Workshop focused on the cost of fines in the juvenile justice system |

ATLANTA – Deep Center and the Berkeley Law Policy Advocacy Clinic will host The High Cost of Fines and Fees in the Juvenile Justice System, an overview of the state of fines and fees for young people in Georgia. Across the country, youth and their families face monetary burdens for youth involvement in the justice system. Too often, an inability to pay pushes a young person deeper into the system and exacerbates the family’s economic distress.

In this workshop, participants will hear about efforts across the country to create debt-free juvenile courtrooms, solutions that have worked and progress made in Georgia, and action steps on what we still have to do.

The event will be held virtually on March 8 at 6 p.m. and will feature defenders from Louisiana, the first Southern state to scrap youth fees and fines. The event is free, but registration is required.

“We want our village to better understand the impact of fines and fees on youth and their families within the Georgia juvenile justice system and how it can be so different from county to county,” Coco Grandpa, director of public policy and communications at the Deep Center, said in a press release. “Places like Chatham County, Dekalb County and neighboring counties in Louisiana and Texas have shown that it is possible to do things differently. We should, at every turn, encourage decision-makers within our juvenile justice system to adopt these policies and practices. »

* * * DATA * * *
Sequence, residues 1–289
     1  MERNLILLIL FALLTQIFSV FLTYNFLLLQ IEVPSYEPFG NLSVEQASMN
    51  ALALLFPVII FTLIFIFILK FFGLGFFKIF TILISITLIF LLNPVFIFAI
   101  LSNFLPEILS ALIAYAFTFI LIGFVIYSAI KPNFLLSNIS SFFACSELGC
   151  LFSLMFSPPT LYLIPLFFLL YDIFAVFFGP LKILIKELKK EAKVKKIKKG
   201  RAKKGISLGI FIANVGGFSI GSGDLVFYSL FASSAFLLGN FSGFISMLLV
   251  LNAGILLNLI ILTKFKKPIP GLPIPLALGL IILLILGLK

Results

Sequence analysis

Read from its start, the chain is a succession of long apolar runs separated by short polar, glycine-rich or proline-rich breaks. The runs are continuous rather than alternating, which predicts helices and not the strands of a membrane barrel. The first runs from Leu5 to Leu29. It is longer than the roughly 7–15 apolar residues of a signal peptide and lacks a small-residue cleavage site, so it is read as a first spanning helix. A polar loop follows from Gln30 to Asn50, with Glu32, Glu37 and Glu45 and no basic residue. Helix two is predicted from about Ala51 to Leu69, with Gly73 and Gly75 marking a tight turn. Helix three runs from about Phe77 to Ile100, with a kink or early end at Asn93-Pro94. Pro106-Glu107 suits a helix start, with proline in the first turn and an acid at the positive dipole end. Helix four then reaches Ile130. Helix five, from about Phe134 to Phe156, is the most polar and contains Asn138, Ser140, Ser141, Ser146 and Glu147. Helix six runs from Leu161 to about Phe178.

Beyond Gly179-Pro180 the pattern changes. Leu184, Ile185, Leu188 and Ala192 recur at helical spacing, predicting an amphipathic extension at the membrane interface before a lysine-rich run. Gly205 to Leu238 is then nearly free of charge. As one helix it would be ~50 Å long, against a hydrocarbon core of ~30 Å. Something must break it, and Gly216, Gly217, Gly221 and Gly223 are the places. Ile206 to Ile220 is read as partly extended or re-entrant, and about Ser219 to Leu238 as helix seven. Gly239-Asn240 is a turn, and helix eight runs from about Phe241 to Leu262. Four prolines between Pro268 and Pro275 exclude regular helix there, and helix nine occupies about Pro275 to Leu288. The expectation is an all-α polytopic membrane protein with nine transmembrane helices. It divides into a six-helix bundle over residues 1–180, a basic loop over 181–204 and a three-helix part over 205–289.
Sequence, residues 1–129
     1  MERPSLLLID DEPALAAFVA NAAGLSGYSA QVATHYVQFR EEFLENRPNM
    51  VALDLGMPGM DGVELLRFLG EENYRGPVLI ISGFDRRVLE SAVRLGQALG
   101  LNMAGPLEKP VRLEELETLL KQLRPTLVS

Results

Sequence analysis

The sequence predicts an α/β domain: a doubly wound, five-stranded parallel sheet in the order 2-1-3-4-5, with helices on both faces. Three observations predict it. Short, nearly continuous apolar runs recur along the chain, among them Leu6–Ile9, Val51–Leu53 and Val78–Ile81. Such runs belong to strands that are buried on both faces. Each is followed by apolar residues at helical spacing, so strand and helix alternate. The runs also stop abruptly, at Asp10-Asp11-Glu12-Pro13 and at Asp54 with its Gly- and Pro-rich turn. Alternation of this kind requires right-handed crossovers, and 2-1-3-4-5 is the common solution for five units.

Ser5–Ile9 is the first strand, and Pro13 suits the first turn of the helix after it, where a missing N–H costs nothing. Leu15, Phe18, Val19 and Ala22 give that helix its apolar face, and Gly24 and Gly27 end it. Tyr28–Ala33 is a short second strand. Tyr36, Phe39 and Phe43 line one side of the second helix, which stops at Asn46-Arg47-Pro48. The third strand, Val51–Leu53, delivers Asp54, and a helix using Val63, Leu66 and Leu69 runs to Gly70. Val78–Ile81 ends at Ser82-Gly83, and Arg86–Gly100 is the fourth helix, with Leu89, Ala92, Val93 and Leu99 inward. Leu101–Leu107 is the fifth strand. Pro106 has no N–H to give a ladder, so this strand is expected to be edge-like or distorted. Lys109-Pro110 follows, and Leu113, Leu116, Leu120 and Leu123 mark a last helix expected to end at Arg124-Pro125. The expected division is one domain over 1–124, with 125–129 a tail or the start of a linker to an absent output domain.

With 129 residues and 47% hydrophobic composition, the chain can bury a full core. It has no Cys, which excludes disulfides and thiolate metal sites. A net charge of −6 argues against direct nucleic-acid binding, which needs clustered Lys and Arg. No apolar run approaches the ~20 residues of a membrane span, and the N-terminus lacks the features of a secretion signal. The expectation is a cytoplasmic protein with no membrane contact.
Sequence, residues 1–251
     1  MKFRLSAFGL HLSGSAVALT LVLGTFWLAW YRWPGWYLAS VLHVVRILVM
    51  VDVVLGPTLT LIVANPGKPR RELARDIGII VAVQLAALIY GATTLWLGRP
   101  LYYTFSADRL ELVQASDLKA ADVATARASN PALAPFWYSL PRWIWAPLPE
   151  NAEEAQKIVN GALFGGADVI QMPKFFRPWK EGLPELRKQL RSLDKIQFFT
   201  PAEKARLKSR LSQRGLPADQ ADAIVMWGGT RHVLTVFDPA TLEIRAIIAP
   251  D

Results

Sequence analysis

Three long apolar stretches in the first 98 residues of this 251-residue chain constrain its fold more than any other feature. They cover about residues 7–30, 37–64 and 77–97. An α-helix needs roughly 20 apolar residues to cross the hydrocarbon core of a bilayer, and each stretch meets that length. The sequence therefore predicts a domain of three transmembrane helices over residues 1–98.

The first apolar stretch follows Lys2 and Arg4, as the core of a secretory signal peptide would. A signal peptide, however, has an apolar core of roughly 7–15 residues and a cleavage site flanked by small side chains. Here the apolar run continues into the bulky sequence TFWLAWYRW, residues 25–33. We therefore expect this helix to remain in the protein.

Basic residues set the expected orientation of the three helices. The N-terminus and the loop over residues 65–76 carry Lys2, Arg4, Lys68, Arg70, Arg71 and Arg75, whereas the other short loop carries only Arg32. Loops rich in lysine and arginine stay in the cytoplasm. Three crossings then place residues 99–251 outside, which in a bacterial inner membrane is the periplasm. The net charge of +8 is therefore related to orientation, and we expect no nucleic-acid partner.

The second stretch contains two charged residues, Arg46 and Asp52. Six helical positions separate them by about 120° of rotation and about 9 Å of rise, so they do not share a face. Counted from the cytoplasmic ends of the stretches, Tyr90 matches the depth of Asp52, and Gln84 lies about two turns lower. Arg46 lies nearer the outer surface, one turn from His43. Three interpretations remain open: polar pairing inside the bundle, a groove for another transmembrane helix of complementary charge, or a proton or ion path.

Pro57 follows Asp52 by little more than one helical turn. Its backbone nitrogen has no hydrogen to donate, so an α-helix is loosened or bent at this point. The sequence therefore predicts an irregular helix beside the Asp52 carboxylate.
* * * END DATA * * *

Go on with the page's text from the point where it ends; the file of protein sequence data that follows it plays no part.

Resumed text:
Court debt that affects young people has become a priority for reform across the country as local jurisdictions and state governments realize that assessments and collections can be taxed inconsistently, fiscally inefficient and a means of exacerbating the poverty of indigent families – and having a particularly disproportionate impact on families of color.

“Through my work with the Debt Free Justice Campaign – a national campaign to end fees and fines for young people – I have seen firsthand the momentum that states create to end debt for young people. youth in the prison system,” Maiya Zwerling, a clinician lecturer at the Berkeley Law Policy Advocacy Clinic, said. “Fourteen states and six localities have taken action, thanks in part to strong bipartisan support.”

According to Rachel Wallace, who is also a clinical instructor at the Policy Advocacy Clinic, “It has been exciting to see success in all parts of the country, including the South, and we expect many more states to take action. in 2022”.

The High Cost of Fines and Fees in the Juvenile Justice System event is free, but registration is required.